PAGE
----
Remind me not to fly in a plane engineered by anyone holding this view.

Another theme that the authors examine is the surprising omission of economic class from the list of identities that constitute the disempowered and marginalized.

“The shift away from class and towards gender, identity, race and sexuality troubles traditional economic leftists, who fear that the left is being taken away from the working class and hijacked by the bourgeoisie within the academy. More worrying still, it could drive working class voters into the arms of the populist right. If the group it has traditionally supported – the working class- believe that the political left has abandoned them, the left may lose many of the voters it requires to attain political power.” (p.153)

Or as a friend expressed it- telling poor white people who lead difficult lives that they are lavishly enjoying unearned privilege is hardly a vote winning strategy.

An interesting book with a lot of thought-provoking ideas. The attachment of the authors to secular liberal humanism, rational skepticism and the scientific method is something I am in alignment with and this book helped me to clarify some of my thinking on these issues.

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Re: The Book Thread 2022

#17  Postby scott1328 » Jan 23, 2022 7:05 am

1. Caliban's War, James S A Corey Book 2 in the Expanse Series. I am surprised by how faithful the TV adaptation has been to the novels.

2. Time’s Eye, Arthur C. Clarke and Stephen Baxter, Strange alien race scrambles the times on earth and pieces it together as a patchwork of regions from different eras, bringing to together the earliest hominems to people from the 37th century. First of a three part series. It’s free on audible. it’s worth the price.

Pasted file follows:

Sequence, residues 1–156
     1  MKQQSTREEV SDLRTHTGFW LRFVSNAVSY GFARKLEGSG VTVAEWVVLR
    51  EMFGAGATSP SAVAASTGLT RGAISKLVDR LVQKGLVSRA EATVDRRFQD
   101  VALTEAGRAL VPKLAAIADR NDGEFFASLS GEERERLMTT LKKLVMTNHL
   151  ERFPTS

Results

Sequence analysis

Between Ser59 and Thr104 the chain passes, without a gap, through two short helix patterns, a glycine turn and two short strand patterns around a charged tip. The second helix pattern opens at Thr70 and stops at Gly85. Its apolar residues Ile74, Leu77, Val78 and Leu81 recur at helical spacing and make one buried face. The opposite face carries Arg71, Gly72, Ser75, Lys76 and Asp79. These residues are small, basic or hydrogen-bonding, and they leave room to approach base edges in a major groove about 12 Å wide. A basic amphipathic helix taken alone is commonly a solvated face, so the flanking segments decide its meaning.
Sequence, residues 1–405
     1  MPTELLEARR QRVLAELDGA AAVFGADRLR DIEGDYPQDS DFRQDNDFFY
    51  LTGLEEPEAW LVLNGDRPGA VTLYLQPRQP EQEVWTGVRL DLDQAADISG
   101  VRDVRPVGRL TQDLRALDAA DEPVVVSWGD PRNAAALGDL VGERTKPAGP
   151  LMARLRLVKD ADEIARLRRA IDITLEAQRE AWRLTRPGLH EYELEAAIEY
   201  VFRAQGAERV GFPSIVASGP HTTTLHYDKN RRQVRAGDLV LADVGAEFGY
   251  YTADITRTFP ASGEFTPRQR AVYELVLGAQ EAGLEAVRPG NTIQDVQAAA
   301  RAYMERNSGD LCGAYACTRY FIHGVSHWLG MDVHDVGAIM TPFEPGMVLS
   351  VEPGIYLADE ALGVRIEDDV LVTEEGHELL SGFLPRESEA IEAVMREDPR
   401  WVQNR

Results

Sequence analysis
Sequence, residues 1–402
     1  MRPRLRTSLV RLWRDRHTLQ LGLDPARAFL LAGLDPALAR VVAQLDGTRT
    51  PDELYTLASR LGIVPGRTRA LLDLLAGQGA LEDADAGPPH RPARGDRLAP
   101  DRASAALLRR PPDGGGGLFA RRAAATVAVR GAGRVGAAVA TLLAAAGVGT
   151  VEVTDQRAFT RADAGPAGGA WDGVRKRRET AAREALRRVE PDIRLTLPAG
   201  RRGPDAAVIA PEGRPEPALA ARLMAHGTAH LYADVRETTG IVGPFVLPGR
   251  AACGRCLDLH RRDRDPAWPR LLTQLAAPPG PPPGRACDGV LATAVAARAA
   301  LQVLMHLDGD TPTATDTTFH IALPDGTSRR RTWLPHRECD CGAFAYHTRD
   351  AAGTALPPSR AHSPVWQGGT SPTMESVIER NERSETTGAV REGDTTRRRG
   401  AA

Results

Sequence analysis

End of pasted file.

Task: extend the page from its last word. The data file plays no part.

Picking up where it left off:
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Re: The Book Thread 2022

#18  Postby Blip » Jan 23, 2022 2:28 pm

1. A Town Called Solace by Mary Lawson
2. The Expectation Effect by David Robson
3. Crow Lake by Mary Lawson

Yep, I'm glad I discovered this writer. She's pretty good.
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Re: The Book Thread 2022

#19  Postby UncertainSloth » Jan 25, 2022 1:55 am

1. the long take - robin robertson - 8/10
2. the gatekeeper - russ kane - 5/10
3. dr potter's medicine show - eric scott fischl - 8/10 - love a bit of speculative historical...a combination of snake-oil hawking and alchemy

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Re: The Book Thread 2022

#20  Postby Animavore » Jan 30, 2022 9:02 pm

1. This is Going to Hurt: Secret Diaries of a Junior Doctor by Adam McKay.

2. The Ruin - Dervla McTiernan.

Detective series set in Ireland and written by Cormac's sister.

Yes. Our Cormac from RDF.